Last Sunday, we sat in the shade with cold drinks while the laundry was drying in the sun. Today, I put on the water- and windproof gear to cycle my 10 km along the river dodging showers. Feels like October. All along the cycle path, the candidates for the upcoming national election - four more weeks to go - were beaming at me from their hoardings. Do election posters really serve a purpose or is it just me who finds them silly.
So, hands up who still has the hope that if we grit our teeth and sit at home, we will eventually return to normal life, and that somehow, it would all be over? Ha!
By now, we should have figured out that this pandemic, any pandemic, behaves according to its own, not always comprehensible logic. I think, we still see humans somewhere at the top of the pyramid looking down at this obnoxious little virus. People, we must understand that this is not a normal disease that affects some and not others. Could be that we'll be dealing with mutants and recurrent infections for years.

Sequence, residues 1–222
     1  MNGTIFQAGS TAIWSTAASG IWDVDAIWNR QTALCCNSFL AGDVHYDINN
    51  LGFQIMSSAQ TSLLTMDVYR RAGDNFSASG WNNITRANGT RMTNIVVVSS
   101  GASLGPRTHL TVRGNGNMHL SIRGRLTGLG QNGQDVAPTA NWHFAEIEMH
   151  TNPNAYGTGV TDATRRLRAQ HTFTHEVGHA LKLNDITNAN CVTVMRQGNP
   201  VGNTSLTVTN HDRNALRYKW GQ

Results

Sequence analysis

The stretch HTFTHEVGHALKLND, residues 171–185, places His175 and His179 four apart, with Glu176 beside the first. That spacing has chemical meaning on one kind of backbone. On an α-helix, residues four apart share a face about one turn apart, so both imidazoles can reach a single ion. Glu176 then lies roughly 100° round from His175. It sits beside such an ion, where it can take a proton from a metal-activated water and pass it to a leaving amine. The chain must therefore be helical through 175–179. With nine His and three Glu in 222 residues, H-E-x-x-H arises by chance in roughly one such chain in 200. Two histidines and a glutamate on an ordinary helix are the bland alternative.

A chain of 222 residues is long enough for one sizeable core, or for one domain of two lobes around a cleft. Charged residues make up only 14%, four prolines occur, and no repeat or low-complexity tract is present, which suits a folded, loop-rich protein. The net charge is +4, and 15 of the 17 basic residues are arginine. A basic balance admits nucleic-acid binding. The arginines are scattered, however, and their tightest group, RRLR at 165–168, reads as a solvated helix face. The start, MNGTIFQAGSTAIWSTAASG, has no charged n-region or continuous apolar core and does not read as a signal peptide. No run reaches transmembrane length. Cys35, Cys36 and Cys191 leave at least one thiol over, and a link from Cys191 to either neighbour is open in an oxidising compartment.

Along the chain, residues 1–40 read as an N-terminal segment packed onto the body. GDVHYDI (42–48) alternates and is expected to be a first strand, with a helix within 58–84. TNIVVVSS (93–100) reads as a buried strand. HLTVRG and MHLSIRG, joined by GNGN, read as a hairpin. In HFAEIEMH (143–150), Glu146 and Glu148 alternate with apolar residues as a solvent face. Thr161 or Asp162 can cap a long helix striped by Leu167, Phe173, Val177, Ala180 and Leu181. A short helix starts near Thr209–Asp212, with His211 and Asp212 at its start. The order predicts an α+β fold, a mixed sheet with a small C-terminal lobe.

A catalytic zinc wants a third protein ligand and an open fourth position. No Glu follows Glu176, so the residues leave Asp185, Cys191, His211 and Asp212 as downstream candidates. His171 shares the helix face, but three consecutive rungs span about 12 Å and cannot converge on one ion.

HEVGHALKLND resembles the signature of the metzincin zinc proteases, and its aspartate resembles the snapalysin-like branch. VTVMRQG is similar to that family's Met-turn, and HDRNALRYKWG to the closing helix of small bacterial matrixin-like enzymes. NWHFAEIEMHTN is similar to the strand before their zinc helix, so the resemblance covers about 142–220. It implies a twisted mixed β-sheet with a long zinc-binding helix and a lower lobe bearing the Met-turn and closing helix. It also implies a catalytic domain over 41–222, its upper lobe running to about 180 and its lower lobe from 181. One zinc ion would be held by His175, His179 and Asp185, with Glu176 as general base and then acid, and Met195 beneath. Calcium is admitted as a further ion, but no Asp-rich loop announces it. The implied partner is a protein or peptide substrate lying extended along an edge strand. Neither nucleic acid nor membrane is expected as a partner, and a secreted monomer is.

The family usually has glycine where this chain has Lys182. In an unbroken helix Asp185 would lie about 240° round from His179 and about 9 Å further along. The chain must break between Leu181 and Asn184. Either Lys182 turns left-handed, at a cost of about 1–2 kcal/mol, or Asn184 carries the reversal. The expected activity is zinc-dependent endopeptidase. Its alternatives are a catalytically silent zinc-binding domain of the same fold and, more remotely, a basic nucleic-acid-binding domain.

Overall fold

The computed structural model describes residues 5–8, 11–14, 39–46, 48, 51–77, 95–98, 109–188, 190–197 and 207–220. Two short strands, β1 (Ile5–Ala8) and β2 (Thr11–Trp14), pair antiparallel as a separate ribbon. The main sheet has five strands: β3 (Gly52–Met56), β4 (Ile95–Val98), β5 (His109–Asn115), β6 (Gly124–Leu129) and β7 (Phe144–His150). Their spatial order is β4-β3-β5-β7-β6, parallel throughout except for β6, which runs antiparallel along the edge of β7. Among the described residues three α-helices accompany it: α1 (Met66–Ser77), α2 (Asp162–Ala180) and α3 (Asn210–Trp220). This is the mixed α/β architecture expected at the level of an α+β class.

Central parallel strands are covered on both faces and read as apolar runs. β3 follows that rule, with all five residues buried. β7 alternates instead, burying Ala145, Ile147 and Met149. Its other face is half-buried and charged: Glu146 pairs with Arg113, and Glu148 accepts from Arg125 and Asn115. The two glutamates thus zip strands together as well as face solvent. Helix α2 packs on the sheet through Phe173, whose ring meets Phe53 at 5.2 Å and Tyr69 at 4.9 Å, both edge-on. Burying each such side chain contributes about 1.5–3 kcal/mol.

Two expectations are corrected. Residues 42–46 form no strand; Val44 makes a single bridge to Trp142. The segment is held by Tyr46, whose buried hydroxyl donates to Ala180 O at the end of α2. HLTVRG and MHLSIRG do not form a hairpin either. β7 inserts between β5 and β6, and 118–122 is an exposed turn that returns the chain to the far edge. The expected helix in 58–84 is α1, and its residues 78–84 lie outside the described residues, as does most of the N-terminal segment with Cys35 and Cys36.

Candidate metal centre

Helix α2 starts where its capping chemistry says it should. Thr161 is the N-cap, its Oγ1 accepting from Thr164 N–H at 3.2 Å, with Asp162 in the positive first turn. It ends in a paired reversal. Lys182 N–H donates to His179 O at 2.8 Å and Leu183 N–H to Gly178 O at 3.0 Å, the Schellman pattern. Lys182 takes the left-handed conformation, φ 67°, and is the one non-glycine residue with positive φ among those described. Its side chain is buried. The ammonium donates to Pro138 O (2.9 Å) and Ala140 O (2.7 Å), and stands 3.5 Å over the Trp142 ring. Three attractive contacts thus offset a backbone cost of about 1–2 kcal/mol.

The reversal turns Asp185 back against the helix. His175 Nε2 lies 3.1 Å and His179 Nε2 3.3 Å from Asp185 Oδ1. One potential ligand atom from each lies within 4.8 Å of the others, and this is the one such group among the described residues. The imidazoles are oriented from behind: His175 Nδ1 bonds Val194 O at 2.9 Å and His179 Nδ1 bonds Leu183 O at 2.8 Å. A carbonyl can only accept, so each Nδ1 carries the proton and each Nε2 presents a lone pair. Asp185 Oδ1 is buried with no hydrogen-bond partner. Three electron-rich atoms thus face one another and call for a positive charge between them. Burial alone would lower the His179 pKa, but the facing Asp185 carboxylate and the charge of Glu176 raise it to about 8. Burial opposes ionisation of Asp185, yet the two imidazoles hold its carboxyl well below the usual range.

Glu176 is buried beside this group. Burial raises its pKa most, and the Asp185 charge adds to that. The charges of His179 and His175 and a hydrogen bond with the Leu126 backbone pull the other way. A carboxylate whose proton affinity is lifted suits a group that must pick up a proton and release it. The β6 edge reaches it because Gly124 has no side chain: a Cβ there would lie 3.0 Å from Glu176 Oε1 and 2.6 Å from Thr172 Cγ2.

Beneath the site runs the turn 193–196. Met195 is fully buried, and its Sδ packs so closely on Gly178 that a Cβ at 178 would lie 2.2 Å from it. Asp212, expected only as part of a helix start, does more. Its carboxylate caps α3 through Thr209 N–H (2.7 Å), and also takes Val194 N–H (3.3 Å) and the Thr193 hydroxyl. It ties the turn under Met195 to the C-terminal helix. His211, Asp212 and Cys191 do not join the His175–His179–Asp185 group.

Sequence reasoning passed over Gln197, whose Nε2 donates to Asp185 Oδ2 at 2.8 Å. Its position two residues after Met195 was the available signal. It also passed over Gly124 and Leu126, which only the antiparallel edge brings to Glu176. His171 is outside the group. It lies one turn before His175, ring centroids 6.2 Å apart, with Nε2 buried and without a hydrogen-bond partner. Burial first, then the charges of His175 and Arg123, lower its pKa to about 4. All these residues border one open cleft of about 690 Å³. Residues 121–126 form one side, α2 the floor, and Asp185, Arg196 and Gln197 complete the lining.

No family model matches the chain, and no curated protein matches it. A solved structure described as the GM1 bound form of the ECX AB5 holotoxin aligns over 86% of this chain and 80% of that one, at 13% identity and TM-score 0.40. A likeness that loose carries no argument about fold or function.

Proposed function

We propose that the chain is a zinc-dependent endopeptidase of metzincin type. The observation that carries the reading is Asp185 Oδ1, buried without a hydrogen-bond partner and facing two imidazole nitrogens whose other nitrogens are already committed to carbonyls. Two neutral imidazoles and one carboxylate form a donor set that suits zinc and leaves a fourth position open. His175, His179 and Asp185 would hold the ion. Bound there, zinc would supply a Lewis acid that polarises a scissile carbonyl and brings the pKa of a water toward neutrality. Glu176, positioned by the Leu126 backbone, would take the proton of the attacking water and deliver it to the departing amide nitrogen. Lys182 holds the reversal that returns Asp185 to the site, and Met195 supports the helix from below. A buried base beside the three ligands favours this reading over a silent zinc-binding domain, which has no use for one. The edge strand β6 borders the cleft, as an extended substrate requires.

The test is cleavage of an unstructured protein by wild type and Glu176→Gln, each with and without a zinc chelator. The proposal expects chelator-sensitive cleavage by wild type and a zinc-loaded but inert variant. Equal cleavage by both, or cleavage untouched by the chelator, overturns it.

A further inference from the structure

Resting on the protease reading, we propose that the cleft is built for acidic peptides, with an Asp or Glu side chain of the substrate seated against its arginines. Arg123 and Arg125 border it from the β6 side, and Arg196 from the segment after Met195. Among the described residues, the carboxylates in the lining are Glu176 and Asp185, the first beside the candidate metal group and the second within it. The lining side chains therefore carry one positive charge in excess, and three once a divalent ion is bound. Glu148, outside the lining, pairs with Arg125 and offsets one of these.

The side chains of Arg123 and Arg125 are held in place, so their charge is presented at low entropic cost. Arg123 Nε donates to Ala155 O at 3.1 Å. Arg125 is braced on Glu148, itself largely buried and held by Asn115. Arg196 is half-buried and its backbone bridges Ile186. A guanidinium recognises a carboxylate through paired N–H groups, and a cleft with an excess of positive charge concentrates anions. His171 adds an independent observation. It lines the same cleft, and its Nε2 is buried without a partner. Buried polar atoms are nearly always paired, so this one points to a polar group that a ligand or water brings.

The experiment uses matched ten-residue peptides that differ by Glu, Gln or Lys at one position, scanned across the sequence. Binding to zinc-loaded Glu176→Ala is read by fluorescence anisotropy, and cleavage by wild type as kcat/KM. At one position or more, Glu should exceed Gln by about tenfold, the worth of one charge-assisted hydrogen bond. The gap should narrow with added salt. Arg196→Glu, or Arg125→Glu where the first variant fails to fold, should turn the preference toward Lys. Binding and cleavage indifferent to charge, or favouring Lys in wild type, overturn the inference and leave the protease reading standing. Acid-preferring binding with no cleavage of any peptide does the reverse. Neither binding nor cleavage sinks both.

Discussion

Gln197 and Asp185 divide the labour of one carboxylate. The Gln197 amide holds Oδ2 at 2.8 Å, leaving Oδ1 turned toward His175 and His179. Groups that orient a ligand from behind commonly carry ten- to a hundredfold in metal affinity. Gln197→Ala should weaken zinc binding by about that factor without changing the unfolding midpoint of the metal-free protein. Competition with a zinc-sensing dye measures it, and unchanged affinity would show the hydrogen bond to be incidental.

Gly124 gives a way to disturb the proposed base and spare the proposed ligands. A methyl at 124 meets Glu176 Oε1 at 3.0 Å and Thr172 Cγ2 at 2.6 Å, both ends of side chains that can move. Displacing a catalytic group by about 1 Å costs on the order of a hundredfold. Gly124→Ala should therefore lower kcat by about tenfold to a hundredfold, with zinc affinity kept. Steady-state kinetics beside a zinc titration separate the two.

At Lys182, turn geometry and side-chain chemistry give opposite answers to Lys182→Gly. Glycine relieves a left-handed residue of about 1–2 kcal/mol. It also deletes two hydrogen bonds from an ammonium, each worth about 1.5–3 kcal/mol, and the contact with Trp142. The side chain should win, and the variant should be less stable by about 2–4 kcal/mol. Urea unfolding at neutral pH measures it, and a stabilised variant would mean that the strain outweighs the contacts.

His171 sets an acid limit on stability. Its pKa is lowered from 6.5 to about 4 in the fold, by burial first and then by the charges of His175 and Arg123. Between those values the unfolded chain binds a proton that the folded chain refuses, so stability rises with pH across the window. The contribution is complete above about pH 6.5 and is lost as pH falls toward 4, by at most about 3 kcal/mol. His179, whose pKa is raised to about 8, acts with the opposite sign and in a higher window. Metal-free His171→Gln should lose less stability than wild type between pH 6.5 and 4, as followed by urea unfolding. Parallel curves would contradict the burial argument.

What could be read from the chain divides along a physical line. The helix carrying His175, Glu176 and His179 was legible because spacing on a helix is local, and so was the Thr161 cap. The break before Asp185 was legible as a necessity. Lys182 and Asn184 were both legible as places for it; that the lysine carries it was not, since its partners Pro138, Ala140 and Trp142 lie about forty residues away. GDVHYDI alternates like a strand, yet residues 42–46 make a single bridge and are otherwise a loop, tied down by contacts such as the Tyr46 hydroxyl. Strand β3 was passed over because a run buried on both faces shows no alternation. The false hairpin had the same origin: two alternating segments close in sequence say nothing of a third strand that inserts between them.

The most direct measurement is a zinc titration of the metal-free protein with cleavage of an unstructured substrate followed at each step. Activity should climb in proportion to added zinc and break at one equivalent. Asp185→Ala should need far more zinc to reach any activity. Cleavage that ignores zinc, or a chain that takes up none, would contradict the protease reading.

And yet, there are some who are convinced that by September 5th, or 15th at the latest, all vaccinated people will be dead. They even made posters and hung them next to the ones of the election candidates. Imagine spending money on stuff like that.
Don't sprout the idea that we somehow can live with the virus, that it will become, or already is, endemic, like flu. Wishfully thinking that the word endemic implies a mild disease with low case levels. The term endemicity means that a disease has a constant baseline level, not that it's mild or somewhere in the background. The virus has already shown, several times in just one year, that it can and will evolve to be more transmissible, and partly vaccine resistant. Let's not be so foolish and think it'll not happen again. And again.
Remember, humans have been living with malaria since prehistoric times, and it remains a deadly disease that infects hundreds of thousands of people every year.
As for the hope that humans will adapt to the virus, bear in mind that we are talking about a survival of the fittest with a lot of death among the vulnerable.
The way out, as far as I understand it, is that we manage Covid like we manage measles, which most countries have successfully eliminated through a combination of a population vaccination program and proper public health systems.